aristoteles decree Gygax, Benefaction and Rewards in the Ancient Greek City: The Origins of Euergetism (2016) 198
banquets, associations Gabrielsen and Paganini, Private Associations in the Ancient Greek World: Regulations and the Creation of Group Identity (2021) 51
chabrias Gygax, Benefaction and Rewards in the Ancient Greek City: The Origins of Euergetism (2016) 198
clients, cnidus, battle of Gygax, Benefaction and Rewards in the Ancient Greek City: The Origins of Euergetism (2016) 198
collective memory, manipulation of Gygax, Benefaction and Rewards in the Ancient Greek City: The Origins of Euergetism (2016) 198
conon Gygax, Benefaction and Rewards in the Ancient Greek City: The Origins of Euergetism (2016) 198
contributions and fees, associations Gabrielsen and Paganini, Private Associations in the Ancient Greek World: Regulations and the Creation of Group Identity (2021) 51
decrees, associations Gabrielsen and Paganini, Private Associations in the Ancient Greek World: Regulations and the Creation of Group Identity (2021) 51
demosthenes, orator Gygax, Benefaction and Rewards in the Ancient Greek City: The Origins of Euergetism (2016) 198
entrance-fees, associations Gabrielsen and Paganini, Private Associations in the Ancient Greek World: Regulations and the Creation of Group Identity (2021) 51
ephesus Gygax, Benefaction and Rewards in the Ancient Greek City: The Origins of Euergetism (2016) 198
euergetism Gabrielsen and Paganini, Private Associations in the Ancient Greek World: Regulations and the Creation of Group Identity (2021) 51
euergetês, euergetai Gygax, Benefaction and Rewards in the Ancient Greek City: The Origins of Euergetism (2016) 198
exemption from Gabrielsen and Paganini, Private Associations in the Ancient Greek World: Regulations and the Creation of Group Identity (2021) 51
hierarchy, associations Gabrielsen and Paganini, Private Associations in the Ancient Greek World: Regulations and the Creation of Group Identity (2021) 51
honors, as dôreai Gygax, Benefaction and Rewards in the Ancient Greek City: The Origins of Euergetism (2016) 198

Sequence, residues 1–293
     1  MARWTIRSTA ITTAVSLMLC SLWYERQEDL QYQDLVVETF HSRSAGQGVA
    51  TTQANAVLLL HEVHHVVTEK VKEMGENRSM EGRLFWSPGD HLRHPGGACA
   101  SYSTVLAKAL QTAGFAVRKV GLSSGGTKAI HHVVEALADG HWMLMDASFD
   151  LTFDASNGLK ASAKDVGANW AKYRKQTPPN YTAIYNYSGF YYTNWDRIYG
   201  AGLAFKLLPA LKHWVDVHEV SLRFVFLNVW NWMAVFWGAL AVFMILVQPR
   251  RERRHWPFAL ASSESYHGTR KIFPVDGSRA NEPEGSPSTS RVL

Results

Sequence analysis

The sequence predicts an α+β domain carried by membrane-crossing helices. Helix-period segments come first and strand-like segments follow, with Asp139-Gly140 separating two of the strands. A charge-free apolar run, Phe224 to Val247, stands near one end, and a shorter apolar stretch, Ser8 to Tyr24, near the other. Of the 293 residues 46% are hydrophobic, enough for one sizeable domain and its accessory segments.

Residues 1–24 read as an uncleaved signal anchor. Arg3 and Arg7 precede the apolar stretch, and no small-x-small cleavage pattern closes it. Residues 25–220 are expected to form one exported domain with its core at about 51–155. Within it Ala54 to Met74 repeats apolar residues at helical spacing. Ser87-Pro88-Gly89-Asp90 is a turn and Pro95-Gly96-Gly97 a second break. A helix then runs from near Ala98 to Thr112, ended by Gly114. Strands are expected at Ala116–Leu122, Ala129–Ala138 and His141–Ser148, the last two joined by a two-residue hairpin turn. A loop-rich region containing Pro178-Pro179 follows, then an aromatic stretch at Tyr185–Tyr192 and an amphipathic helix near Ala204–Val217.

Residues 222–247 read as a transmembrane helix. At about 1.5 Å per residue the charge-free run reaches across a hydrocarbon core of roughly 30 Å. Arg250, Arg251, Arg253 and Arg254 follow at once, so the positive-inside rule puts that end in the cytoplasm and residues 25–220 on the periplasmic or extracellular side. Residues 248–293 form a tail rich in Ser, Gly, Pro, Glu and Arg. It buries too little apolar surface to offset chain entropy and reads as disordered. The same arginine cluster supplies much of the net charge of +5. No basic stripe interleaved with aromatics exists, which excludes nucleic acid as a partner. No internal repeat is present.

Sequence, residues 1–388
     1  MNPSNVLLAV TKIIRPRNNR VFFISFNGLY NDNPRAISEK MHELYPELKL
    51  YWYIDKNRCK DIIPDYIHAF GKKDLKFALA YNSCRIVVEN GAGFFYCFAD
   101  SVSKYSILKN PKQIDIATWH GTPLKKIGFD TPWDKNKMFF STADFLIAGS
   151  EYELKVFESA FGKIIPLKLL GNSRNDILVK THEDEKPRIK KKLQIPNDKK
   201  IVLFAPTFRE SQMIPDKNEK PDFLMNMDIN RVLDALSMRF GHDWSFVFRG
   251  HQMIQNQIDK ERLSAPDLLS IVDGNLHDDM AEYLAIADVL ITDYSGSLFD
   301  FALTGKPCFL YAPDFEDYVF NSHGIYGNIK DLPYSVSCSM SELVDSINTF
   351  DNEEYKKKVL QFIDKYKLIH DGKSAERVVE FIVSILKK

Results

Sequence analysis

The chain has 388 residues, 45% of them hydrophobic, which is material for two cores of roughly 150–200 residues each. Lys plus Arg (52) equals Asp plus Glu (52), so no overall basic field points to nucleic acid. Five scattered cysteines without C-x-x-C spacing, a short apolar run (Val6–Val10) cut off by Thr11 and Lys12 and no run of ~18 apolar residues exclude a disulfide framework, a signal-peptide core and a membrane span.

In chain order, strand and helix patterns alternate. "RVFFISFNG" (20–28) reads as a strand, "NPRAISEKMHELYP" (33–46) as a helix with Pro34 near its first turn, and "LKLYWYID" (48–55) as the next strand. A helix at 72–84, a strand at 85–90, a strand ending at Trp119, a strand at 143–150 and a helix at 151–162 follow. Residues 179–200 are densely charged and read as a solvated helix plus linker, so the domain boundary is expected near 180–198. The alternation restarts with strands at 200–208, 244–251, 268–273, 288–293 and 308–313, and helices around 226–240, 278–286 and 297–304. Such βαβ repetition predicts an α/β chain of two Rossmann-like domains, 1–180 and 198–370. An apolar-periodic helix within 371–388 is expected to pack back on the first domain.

honors, controversy surrounding Gygax, Benefaction and Rewards in the Ancient Greek City: The Origins of Euergetism (2016) 198
iphicrates Gygax, Benefaction and Rewards in the Ancient Greek City: The Origins of Euergetism (2016) 198
leodamas, son of erasistratus of acharnae Gygax, Benefaction and Rewards in the Ancient Greek City: The Origins of Euergetism (2016) 198
megistai timai Gygax, Benefaction and Rewards in the Ancient Greek City: The Origins of Euergetism (2016) 198
naxos, battle of Gygax, Benefaction and Rewards in the Ancient Greek City: The Origins of Euergetism (2016) 198
psenamosis, synodos of fellow farmers/landowners of Gabrielsen and Paganini, Private Associations in the Ancient Greek World: Regulations and the Creation of Group Identity (2021) 51
rewards, request for Gygax, Benefaction and Rewards in the Ancient Greek City: The Origins of Euergetism (2016) 198
samos Gygax, Benefaction and Rewards in the Ancient Greek City: The Origins of Euergetism (2016) 198
second athenian confederacy Gygax, Benefaction and Rewards in the Ancient Greek City: The Origins of Euergetism (2016) 198
sparta, spartans Gygax, Benefaction and Rewards in the Ancient Greek City: The Origins of Euergetism (2016) 198
statues, in the agora Gygax, Benefaction and Rewards in the Ancient Greek City: The Origins of Euergetism (2016) 198
statues, of chabrias Gygax, Benefaction and Rewards in the Ancient Greek City: The Origins of Euergetism (2016) 198
statues, of military commanders' Gygax, Benefaction and Rewards in the Ancient Greek City: The Origins of Euergetism (2016) 198
statues, of timotheus Gygax, Benefaction and Rewards in the Ancient Greek City: The Origins of Euergetism (2016) 198
timotheus, general Gygax, Benefaction and Rewards in the Ancient Greek City: The Origins of Euergetism (2016) 198